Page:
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March 21, 2011


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My sentiments exactly. I identify with all nine rules and have lived by them for as long as I can remember.

Looking back though I believe that if I had been born into an affluent family, if my parents would have had foolish habits with money, hadn't had a very happy marriage, or hadn't taken great care of their home (even though it was a rented home), I wouldn't be the same person that I am. I believe that many of the habits that you need to become wealthy are learned during the most formative years of your life.

It has also made a big difference to me that my wife of 55 years came from the identical background and has the same attitude that I have about money.

We no longer have any type of budget and I don't track our annual expenditures. We basically buy whatever we NEED, however our needs are quite modest by comparison with the average American family. Our three children also learned from us. Our two daughters are each worth several million dollars and our son, the youngest, is very close to his first million.

Life has become so much simpler for us since the children left home. Money is no longer an issue and our finances are on "Cruise Control", moving steadily upwards, year in and year out, and although this time of our life is quieter than the old days, we have an inner feeling of contentment and happiness that is nice after the hectic years of raising children, working very hard, and gallivanting all over the world.

One fairly new company that is making a difference for us these days is NETFLIX. It's so nice to be able to select entertainment from tens of thousands of titles and to relax in our recliners most afternoons at this time of the year, darken the room, and watch a program that we both thoroughly enjoy. It's so much better than having to drive to a movie theater, often in the rain, and have to choose from a very limited selection, most of which are geared to younger audiences and have no appeal at all. When we compare our lives, at this age, with that of our parents, we feel so fortunate to be living it here in California and to have the peace, security and lifestyle that money helps provide. At times like this I often think of the poor people that have lost their homes and jobs.

I will buy a car either new (I just did, a 2011 Ford Escape that I love so far), or used with very low miles. I just want to make sure my vehicle doesn't break down while I am hauling kids all over the place, so a newer car is worth my piece of mind.

Oh, and I will never buy a Toyota...

Lesson #4 is hugely important, and IMO is one of the biggest steps separating the "always will be poor" from the "poor for the moment".

In my experience, the always-poor tend to get themselves into situations where all of their money is already spoken for. The paycheck comes in and most of it disappears to pay the rent or mortgage on too big a place, cell phone contract, lease for a car they bought new at full price, cable TV with a bunch of extras they probably don't use, payments on the big-screen TV they use to watch all those channels, bills relating to their 3 dogs, and so on. What little is left pays for food and other necessities. If they get a raise, most of the difference will end up going to a more expensive cell phone contract or something. So when money comes in, they don't have much choice as to what to do with it, and therefore can't get ahead.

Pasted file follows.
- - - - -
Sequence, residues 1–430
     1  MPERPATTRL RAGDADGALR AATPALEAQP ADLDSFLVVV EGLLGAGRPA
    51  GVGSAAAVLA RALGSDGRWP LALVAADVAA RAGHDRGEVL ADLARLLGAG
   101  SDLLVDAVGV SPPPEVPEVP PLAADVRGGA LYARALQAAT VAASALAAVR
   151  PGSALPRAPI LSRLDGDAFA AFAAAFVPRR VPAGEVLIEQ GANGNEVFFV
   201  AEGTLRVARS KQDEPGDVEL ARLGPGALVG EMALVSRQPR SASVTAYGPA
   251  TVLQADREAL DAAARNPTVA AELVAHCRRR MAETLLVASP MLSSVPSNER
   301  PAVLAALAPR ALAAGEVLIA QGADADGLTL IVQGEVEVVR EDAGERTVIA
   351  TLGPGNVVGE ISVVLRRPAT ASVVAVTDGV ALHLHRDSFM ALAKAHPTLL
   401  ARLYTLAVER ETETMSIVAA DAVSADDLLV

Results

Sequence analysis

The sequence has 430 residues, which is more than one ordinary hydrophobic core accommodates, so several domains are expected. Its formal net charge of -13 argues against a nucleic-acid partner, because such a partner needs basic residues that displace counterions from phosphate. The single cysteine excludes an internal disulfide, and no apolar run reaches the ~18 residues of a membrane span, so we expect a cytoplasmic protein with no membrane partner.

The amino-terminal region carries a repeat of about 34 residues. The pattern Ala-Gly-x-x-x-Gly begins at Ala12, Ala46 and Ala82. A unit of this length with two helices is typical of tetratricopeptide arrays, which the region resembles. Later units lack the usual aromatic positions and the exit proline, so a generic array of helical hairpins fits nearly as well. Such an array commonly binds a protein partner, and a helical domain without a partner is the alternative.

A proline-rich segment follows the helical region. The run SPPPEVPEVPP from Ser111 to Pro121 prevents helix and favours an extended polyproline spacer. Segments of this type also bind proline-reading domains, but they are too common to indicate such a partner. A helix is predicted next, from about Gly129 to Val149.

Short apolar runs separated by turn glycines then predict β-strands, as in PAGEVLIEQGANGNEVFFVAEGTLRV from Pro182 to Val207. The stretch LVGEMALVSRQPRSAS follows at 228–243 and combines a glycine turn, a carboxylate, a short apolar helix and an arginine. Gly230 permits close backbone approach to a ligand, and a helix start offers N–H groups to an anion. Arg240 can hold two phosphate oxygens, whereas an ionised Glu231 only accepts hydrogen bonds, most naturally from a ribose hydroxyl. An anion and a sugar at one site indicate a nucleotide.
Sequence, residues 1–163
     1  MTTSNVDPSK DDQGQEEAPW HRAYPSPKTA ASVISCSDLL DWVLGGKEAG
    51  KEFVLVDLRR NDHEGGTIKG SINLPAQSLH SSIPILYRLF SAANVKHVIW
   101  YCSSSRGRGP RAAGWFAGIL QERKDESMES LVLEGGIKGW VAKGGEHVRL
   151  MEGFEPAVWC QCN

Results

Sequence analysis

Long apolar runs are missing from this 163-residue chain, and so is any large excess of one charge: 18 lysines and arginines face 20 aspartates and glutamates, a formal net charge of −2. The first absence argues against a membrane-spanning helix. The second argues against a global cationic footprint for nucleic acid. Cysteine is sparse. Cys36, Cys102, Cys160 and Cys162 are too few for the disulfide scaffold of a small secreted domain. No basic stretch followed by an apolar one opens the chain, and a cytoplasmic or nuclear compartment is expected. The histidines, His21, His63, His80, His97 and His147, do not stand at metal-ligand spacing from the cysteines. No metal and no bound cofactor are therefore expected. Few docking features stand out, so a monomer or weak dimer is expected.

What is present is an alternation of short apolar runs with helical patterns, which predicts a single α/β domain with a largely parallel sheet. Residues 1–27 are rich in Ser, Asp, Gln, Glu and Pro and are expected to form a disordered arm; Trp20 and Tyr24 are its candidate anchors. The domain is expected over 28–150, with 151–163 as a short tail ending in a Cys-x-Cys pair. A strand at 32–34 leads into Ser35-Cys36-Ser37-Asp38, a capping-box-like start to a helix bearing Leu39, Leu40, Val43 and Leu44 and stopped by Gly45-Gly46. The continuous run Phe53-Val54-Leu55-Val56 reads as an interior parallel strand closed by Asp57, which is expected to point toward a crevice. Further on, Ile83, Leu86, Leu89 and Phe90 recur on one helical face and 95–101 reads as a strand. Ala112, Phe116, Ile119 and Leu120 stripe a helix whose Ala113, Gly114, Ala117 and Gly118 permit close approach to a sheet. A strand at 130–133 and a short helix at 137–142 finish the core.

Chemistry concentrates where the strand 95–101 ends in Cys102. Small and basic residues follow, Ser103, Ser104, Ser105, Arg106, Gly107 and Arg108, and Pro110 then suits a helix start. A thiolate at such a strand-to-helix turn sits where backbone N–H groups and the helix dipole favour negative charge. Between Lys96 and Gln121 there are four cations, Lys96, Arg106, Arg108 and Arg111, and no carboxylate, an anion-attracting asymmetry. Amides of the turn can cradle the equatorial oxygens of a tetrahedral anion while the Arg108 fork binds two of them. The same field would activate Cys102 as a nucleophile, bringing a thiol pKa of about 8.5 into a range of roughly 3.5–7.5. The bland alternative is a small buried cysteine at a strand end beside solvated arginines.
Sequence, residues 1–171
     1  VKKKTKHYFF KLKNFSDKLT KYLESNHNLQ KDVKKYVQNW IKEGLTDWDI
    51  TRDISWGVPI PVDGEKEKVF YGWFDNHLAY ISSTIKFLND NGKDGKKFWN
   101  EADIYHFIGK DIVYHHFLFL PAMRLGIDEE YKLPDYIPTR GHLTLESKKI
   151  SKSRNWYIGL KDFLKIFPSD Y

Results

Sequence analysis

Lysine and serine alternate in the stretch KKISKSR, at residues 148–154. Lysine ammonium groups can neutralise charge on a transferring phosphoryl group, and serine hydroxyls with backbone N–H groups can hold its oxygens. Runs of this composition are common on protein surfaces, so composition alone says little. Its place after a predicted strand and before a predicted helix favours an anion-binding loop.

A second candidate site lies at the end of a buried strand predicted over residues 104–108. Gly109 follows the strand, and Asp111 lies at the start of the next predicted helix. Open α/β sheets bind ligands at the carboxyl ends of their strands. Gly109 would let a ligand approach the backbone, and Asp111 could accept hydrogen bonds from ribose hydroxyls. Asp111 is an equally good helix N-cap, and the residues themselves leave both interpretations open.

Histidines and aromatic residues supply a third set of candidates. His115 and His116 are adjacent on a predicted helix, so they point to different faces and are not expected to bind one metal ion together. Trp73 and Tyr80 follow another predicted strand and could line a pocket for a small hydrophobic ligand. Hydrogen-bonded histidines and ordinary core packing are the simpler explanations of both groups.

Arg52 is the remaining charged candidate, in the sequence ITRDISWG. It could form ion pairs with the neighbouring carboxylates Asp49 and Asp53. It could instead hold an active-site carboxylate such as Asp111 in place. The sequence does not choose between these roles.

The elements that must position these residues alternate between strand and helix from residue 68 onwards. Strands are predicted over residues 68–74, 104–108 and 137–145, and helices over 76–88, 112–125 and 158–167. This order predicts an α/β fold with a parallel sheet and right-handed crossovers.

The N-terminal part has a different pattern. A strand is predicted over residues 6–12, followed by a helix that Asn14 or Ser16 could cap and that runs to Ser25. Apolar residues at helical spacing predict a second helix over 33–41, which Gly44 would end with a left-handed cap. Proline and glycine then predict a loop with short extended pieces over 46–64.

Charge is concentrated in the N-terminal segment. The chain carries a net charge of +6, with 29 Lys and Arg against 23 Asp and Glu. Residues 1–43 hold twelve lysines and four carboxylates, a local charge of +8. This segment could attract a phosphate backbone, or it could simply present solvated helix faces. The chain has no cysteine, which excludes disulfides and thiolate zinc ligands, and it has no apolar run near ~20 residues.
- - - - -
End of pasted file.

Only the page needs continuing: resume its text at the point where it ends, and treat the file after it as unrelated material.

In contrast, the poor-for-now are often getting by on the same paycheck, but are renting a smaller place, driving an older car that's reliable enough, talking on a prepaid phone, watching netflix on an older TV that works just fine, and walking other people's dogs for a few extra bucks. Their stuff costs less and has fewer contracts, which means more money in their pockets and more flexibility with it. When they get a raise, they might celebrate with a nice dinner, but the rest ends up in savings. Over the time, the difference grows into a solid emergency fund plus longer-term savings and investments.

Both the always-poor and the poor-for-now might grow into pretty solid incomes, but the always-poor will find ways to be stuck spending it all, while the poor-for-now will find ways to save and invest and no longer be poor.

Well, great! I already follow all 9 lessons, if you count falling into the "outgrown a budget" category of Lesson #2. Of course, I'm not a millionaire (yet), but my wife and I definitely have the right attitude, mindset and, I believe, long-term plan to reach that milestone.

@Everyday Tips: Well of course you have to worry about breakdowns - you refuse to buy Toyotas :)

I am the exact opposite. Almost every vehicle I have bought had at least 60,000 miles on it. I have bought mostly Toyotas and Lexuses, and driven them all to 120,000 to 160,000, and had precisely one breakdown in 25 years. (It was an Oldsmobile.)

Lesson #1 can be taken much further than in this example. Say the person making $75K is still saving $25K but the person making $1M has cut spending and is now saving $50K/year. The million dollar earner is saving twice what the normal earner is, but is still in "worse shape", as it'll still take them a decade to build a 6 month emergency fund and forever to reach FI with those expenses.

Lotharbot - I like your comment. Good analogy. I think this is a similar concept to Dave Ramsey's - Every dollar has a name. Simple concept, but so many seem to have a hard time grasping.

Forget the lessons, just don't have kids and you'll be rich!

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